Back in the early '80s, when deathrock was taking over California, a group of young guys from Bakersfield formed Burning Image. They released a 7″ single and played with bands like Specimen, Dead Kennedys and Butthole Surfers. Years after their demise, Jello Biafra re-released Burning Image's music on Alternative Tentacles and interest in the band was renewed. They regrouped, began playing again, and released an album of new material, Fantasma, earlier this year.
Burning Image will perform at The Wolfpak's Halloween party at Roberto's on Saturday night, right before heading up to San Francisco next week to play Alternative Tentacle's 30th Anniversary bash. LA Weekly caught up with vocalist/guitarist Moe Adame by phone to chat about the band's past and present.
When did Burning Image start?
Burning Image started in 1983. It was originally called The Pictures. At that time, we started writing a lot of the Burning Image music, but we weren't really fond of the name The Pictures, so we changed it.
What was the music scene like in Bakersfield at that time?
Actually, at that time, the music scene was pretty good. The shows were well-attended and everybody was listening to anything that fell under the “new music” umbrella, whether it was rockabilly or deathrock or punk. It was a pretty cool scene.
How did you hook up with Alternative Tentacles?
In 1984, we played a show with the Dead Kennedys in San Francisco. It was at the Keystone. What happened was that a couple of the band members from Burning Image went to Berkley to the college radio station there. They went up there just to play a demo of our music. We had just released a 45 of “The Final Conflict” and “Burning Image, Burning.” The show that they went to was the “Maximum Rock 'n' Roll” show at the time, which Jello Biafra was a part of. When they were playing the 45 on the air, Jello Biafra was in the adjoining studio and he heard it.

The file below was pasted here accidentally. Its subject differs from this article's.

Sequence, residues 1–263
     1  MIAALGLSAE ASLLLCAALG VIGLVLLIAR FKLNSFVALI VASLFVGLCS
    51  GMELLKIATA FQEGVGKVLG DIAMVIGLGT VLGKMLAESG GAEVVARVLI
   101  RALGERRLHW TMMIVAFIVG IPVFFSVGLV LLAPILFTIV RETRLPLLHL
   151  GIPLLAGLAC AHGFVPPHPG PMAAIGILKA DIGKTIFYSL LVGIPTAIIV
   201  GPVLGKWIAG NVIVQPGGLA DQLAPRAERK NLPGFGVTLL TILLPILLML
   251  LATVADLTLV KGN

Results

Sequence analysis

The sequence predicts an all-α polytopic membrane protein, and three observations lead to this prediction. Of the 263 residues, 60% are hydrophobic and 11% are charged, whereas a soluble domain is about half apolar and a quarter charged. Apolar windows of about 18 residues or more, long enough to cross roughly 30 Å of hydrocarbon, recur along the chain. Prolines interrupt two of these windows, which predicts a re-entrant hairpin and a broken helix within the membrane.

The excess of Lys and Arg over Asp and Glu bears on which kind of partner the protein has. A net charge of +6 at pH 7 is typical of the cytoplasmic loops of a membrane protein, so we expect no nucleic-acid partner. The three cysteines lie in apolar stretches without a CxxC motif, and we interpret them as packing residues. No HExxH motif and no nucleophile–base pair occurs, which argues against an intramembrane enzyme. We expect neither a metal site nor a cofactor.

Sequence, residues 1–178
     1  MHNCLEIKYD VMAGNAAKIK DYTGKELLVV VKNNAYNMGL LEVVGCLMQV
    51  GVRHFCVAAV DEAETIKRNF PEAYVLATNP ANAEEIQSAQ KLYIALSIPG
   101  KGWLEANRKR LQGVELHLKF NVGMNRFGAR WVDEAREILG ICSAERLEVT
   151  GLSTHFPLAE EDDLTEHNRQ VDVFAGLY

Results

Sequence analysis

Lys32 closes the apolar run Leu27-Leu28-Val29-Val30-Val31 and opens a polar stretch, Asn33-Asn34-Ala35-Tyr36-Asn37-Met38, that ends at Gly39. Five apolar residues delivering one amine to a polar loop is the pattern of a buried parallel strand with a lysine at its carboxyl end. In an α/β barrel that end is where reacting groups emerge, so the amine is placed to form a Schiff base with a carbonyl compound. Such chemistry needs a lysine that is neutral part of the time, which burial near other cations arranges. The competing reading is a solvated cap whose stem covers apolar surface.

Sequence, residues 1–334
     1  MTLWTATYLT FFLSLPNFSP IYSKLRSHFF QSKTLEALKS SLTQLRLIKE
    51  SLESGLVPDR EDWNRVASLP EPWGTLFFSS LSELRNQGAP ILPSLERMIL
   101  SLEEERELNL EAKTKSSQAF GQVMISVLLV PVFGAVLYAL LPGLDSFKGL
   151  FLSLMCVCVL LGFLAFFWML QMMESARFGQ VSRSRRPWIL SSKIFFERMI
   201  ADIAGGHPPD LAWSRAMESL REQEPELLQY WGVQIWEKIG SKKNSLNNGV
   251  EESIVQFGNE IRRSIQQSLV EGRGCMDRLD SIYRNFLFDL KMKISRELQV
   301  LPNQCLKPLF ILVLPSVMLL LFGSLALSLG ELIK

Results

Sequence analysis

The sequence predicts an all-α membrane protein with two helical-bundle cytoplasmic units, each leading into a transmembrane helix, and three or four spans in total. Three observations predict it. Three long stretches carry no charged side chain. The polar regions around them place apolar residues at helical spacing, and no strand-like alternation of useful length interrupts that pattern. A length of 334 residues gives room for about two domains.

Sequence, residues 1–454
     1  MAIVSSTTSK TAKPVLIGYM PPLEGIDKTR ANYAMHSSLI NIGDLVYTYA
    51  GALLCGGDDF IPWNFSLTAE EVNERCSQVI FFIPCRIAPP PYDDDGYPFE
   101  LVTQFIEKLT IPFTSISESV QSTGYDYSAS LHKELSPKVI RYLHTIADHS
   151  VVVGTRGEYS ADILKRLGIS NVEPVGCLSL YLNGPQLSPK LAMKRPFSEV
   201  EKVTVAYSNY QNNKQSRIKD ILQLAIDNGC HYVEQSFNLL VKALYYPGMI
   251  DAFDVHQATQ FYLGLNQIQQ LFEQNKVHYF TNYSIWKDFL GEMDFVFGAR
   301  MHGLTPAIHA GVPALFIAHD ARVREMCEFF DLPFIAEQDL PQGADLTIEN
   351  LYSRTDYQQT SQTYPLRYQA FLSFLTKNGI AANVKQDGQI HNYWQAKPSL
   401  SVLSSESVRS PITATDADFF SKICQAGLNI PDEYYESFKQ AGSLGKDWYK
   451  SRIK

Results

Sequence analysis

Just by chance, I went to go see him do a spoken word show at The Echo, I believe that was in 2003. I went to go see him and we got reacquainted. After the show, he asked me to come backstage and one of the first things he asked me was, ” I have a cassette of you guys from back when with four songs, do you have any Burning Image music.” I said, “Yeah, I own all the masters, I have everything.” That kind of intrigued him and one thing led to another and that's when he asked if he could release a collection of our music on Alternative Tentacles. That was the 1983-1987 CD.
Had you been playing in other bands?
After Burning Image disbanded in 1987, I had a side project, a band that I did in the mid-'90s called Iviscera. It was stuff that I didn't think sounded like Burning Image, so I didn't want to call it Burning Image. It was just a side project, nothing really serious.
What happened was that when I was trying to promote Iviscera though my website at the time, I made a mention of Burning Image. It was funny because people would write to me and say “This Iviscera stuff is okay, but tell us more about Burning Image.” That's what it was, people constantly asking about Burning Image over and over again. I thought, I'm going to give this Burning Image thing one more chance.
What are your thoughts on the places you play and the crowd now as opposed to the first time around?
The audiences now are really enthusiastic about the deathrock scene. They're interested to try new stuff out and they seem to like the new Burning Image stuff. I'll tell you what, though, Europe is crazy about deathrock. They really love it. They're rediscovering a lot of the older acts like Christian Death, 45 Grave, TSOL, Kommunity FK. All of these bands are just so new to them for some reason. Europe seems to be embracing that whole style of music– hardcore, deathrock, horror rock, stuff like that.